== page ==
Digital Illustration Ready for Takeoff!

Yes, yes, I know. I'm late for my flight.  There are a couple of reasons why I've taken so long to enter the world of digital illustration. For one thing, I love to paint and get my hands dirty and smell the paint and feel the brush in my hand. I became an illustrator to be a painter who gets paid properly from time to time.

Another thing is, I did already try some years ago. For a while I used a program called Painter which promised to give painterly results but I struggled with it before giving up on it as I just couldn't get the results I wanted.

Then, Adobe introduced their subscription by the month, which is fair enough but it banjaxed my chances of using it.  That's when I discovered the Affinity suite of products: The software company, Serif, obviously saw an opportunity provided by Adobe's move to subscription and the resultant flight of irritated users. They've introduced two extremely comprehensive and professional applications that are developing apace. It's true that neither of the programs have the complete set of bells and whistles provided by the standard-setting Adobe products but if you know what you want to achieve in your work, there's almost nothing that a photographer or illustrator can't do. Add to that, Serif's Affinity Publisher, which is due for release in about a year's time to compete with Adobe's InDesign, and it will be possible to move away from Adobe and still produce industry-standard results.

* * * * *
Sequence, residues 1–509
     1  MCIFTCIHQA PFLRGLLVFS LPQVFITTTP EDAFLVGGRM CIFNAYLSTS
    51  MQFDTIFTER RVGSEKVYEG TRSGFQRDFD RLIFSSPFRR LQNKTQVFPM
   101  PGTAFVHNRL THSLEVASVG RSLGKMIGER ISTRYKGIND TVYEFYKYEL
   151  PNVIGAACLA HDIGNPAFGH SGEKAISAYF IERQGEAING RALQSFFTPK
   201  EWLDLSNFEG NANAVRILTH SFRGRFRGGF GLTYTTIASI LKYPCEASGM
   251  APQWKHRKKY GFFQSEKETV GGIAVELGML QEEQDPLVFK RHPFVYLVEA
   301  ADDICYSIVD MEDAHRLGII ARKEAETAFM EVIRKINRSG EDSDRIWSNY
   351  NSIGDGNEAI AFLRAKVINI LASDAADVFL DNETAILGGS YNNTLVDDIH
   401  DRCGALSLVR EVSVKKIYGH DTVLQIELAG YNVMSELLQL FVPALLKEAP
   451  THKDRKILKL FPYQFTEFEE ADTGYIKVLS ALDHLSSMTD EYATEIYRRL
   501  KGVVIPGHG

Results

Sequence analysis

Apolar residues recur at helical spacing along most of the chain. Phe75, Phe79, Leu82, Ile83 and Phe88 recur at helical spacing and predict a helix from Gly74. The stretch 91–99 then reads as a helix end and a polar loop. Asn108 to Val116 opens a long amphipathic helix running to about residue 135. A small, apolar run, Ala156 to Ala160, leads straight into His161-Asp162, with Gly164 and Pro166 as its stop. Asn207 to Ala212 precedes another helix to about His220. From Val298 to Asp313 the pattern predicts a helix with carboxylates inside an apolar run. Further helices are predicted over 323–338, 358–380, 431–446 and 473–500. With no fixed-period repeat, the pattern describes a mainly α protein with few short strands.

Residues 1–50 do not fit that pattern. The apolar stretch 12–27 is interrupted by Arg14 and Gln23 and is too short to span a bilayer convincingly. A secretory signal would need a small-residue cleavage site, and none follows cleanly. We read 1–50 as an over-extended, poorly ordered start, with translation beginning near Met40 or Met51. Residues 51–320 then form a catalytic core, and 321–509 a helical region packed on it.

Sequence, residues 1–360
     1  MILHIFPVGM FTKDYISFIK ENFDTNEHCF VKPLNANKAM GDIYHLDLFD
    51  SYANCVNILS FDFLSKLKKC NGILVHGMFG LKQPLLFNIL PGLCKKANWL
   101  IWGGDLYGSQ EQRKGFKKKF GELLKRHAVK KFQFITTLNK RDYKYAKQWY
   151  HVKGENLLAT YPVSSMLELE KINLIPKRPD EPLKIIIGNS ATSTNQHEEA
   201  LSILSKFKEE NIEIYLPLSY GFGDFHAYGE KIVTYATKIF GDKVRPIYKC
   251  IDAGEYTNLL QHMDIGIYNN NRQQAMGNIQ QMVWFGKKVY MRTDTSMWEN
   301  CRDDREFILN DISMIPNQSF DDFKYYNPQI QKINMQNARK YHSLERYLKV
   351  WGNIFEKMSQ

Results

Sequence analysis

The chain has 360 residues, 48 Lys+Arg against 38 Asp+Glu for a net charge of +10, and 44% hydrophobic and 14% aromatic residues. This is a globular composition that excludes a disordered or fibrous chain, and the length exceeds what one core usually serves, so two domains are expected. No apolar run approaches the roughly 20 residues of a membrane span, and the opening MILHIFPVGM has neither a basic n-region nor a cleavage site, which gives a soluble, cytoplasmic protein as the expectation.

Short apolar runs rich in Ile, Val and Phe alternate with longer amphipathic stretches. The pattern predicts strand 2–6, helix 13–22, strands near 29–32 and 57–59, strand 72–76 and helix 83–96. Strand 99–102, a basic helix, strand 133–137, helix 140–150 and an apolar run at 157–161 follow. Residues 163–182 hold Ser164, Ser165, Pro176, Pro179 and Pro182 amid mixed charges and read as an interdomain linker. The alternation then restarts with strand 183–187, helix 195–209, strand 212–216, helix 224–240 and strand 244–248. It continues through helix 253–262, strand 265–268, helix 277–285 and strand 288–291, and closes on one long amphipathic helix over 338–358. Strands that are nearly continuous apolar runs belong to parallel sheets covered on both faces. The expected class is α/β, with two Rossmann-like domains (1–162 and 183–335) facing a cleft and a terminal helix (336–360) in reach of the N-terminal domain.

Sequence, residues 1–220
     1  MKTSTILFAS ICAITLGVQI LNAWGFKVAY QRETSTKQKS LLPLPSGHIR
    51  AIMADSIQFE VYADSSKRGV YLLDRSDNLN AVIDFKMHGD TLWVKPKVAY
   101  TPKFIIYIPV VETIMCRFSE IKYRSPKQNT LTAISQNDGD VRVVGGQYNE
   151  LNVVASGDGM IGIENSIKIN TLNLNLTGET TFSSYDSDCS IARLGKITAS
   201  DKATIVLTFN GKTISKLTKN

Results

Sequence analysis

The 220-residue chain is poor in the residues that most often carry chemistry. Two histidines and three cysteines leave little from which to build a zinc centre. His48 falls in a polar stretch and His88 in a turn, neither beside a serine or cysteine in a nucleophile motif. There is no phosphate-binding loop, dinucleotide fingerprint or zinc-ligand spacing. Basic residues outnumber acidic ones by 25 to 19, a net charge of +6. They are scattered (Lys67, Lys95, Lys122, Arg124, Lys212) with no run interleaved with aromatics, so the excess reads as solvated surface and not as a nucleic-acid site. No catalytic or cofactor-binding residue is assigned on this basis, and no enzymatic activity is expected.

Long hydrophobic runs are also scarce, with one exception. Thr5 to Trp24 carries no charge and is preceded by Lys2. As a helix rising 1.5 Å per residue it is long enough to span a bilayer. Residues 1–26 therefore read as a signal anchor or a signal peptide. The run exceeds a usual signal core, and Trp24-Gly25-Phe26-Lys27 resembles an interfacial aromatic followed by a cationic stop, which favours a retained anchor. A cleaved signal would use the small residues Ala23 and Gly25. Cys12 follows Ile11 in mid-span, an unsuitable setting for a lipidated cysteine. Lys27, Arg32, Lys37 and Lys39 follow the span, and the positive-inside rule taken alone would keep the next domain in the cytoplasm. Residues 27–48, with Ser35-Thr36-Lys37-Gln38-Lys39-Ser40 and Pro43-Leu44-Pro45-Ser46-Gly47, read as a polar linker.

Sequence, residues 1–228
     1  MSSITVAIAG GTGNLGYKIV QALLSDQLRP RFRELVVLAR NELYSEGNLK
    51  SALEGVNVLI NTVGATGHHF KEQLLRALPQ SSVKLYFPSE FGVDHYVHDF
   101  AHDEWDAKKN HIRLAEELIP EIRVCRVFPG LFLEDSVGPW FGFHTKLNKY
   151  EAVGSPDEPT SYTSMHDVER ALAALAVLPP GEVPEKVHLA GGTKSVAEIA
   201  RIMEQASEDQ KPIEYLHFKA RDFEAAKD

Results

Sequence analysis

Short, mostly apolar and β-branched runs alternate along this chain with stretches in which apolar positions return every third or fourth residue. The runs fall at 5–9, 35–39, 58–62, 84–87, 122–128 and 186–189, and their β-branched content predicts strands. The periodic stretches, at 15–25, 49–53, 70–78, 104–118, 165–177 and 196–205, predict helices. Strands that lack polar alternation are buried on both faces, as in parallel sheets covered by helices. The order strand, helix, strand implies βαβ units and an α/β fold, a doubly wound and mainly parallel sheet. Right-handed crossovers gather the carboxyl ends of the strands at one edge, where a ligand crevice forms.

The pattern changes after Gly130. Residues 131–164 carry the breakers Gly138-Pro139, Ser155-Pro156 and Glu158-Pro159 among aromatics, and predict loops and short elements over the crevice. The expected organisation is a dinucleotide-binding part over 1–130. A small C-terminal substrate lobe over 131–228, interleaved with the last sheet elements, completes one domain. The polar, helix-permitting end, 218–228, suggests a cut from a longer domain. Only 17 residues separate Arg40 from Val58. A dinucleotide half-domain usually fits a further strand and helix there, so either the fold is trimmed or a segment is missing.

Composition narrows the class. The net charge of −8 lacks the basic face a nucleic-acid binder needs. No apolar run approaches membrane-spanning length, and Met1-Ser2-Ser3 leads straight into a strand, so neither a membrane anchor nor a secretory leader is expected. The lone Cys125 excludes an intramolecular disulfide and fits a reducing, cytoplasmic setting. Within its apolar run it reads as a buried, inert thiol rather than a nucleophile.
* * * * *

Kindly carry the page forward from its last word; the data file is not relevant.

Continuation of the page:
So, illustrating this little ode to Affinity, is a cover illustration I did for a non-existent (as yet) children's book. It's made entirely in Affinity Designer and is a vector image. You can see something of how a vector image is made up in the above screenshot. I won't go into the details of what that means  except that I can reach into any part of this image and refine it, change it or remove it at will. Imagine trying to do that with a hand-painted illustration! This is the way things work with today's illustration clients who have become used to making 'after the fact' changes, and I must change my way of working accordingly. Over and out.


John White said…
Blimey, Kevin! Really nice work.

When you'd finished the vector art, did you bring it into an Affinity raster art application and do a few more little bits?
I mean, the lesading edge of the wing doesn't look at all vectory.

John White
Hi John,
It's all vector apart from a few over all layers of textures; for example, there's a scan of the endpapers of an old book I found in a charity shop. But you've just put your finger on why I make digital illustrations just as laborious as hand-painted ones. I was intending to make simpler artworks to save time and all I've done is make it complex. Hence, the only advantage is editing post-completion.
Hmm...Thanks so much for the compliment, though!

Popular posts from this blog

A Successful Campaign; Thanks to You

Brunailles: A Grey Area.

The Selfie Mona Lisa